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One of the most frustrating aspects of Homeric studies is that so little literary material outside the Homeric corpus itself survives to enhance our understanding of the cultural landscape of the period. Recent scholarship suggests that a large and diverse poetic tradition lay behind the figure we refer to as "Homer," but little of it survives. Indeed we have little continuous written Greek for another century. The one exception is Hesiod, who composed two extant poems, the Theogony and Works and Days, and possibly several others, including the Shield of Heracles and the Catalogue of Women. As we shall see, while Hesiodic poetry was not occupied specifically with heroic themes, it was part of the same formal tradition of epic, sharing with Homer key metrical, dialectal, and dictional features.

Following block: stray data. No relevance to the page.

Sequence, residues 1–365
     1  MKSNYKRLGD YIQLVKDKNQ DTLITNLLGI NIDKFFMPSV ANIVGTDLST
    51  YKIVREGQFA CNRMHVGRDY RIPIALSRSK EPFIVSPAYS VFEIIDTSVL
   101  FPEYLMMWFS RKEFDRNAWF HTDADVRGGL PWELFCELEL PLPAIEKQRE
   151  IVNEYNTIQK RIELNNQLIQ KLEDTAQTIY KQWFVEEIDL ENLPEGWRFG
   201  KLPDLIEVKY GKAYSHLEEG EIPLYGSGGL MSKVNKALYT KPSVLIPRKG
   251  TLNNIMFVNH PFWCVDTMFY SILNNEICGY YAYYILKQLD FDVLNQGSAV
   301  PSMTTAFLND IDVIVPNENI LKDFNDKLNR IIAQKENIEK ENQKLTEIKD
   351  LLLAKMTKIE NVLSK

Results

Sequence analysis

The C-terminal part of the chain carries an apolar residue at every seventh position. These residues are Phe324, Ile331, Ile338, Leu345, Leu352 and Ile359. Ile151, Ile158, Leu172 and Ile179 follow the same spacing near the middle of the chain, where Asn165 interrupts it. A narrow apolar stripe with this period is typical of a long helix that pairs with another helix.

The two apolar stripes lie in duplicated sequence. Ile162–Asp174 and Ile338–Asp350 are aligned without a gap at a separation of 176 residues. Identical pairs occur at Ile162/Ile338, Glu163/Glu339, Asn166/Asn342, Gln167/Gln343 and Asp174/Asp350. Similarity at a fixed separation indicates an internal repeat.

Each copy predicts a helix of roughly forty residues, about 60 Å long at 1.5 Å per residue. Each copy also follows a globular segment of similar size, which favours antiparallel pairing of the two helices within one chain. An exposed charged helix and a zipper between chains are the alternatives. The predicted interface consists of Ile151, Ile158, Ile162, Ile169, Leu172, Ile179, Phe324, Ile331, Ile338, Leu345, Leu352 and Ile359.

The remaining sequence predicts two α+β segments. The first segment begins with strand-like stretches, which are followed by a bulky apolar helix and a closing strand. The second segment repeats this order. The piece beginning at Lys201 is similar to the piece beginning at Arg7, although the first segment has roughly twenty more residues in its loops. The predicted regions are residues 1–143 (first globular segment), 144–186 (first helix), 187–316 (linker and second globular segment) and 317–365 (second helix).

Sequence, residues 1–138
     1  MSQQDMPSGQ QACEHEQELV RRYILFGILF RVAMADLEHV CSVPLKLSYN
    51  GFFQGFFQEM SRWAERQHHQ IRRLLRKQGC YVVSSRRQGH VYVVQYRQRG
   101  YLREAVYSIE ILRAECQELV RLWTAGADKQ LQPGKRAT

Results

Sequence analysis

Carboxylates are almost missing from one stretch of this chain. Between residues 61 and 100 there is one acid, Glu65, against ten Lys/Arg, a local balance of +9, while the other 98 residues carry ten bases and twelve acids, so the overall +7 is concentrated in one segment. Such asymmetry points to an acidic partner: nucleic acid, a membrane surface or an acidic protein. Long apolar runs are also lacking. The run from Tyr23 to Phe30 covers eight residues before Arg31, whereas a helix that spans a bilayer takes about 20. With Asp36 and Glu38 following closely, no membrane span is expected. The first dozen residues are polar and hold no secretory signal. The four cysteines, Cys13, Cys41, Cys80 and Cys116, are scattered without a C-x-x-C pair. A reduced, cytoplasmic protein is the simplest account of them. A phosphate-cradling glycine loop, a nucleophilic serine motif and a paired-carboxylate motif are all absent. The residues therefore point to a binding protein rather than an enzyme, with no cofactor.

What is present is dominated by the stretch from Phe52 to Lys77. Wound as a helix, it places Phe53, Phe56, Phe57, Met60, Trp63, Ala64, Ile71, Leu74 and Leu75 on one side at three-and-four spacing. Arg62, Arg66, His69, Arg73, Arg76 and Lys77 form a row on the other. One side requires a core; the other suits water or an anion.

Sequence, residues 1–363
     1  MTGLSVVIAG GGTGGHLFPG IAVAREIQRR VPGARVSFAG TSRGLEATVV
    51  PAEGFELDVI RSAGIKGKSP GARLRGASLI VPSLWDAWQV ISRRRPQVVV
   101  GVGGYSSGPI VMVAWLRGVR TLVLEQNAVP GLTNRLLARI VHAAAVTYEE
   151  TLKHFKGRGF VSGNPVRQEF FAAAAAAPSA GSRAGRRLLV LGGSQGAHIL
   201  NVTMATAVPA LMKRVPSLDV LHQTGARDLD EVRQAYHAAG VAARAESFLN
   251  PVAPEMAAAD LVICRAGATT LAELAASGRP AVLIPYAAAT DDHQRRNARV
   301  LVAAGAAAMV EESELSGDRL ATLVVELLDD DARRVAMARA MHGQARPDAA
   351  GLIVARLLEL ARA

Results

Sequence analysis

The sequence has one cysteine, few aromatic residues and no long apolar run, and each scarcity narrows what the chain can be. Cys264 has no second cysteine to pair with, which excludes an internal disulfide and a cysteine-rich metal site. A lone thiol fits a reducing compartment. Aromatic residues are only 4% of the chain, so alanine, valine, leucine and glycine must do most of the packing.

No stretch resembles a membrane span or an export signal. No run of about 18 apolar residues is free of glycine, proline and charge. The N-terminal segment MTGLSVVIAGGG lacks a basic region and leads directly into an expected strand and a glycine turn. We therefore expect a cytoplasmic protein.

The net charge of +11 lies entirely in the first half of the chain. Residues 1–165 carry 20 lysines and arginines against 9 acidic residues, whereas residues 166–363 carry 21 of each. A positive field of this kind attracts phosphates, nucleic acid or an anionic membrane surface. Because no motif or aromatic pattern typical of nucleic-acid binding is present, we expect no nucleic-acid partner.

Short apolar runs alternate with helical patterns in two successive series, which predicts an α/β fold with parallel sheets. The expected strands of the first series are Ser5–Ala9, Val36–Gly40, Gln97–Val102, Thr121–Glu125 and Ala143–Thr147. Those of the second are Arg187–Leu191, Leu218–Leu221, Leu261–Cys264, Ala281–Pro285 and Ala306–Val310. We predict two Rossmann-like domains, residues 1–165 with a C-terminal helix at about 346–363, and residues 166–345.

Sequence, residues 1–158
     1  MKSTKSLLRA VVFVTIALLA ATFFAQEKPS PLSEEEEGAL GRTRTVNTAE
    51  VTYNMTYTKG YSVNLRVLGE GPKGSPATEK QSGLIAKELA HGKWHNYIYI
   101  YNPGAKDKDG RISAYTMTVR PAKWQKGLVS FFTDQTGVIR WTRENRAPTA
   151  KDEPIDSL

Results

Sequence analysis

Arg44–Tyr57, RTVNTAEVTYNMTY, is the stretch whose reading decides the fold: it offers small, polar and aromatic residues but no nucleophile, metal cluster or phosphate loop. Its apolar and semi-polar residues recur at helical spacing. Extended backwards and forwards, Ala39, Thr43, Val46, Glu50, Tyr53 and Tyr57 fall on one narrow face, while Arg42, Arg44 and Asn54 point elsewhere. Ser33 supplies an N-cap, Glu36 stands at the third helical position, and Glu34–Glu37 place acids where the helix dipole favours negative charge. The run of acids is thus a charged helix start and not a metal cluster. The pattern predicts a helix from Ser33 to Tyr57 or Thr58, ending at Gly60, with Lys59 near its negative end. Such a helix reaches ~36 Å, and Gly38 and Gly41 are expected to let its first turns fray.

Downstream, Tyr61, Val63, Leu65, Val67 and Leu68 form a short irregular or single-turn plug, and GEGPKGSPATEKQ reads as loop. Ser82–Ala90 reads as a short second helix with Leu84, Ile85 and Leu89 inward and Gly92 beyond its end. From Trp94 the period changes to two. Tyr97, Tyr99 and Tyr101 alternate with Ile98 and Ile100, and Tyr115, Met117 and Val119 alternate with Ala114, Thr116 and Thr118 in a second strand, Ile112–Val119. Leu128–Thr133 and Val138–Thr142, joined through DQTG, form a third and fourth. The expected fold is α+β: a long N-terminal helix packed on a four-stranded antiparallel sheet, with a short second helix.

Rosen, R. M. (1997). Homer and Hesiod. Retrieved from https://repository.upenn.edu/classics_papers/7
Date Posted: 22 September 2006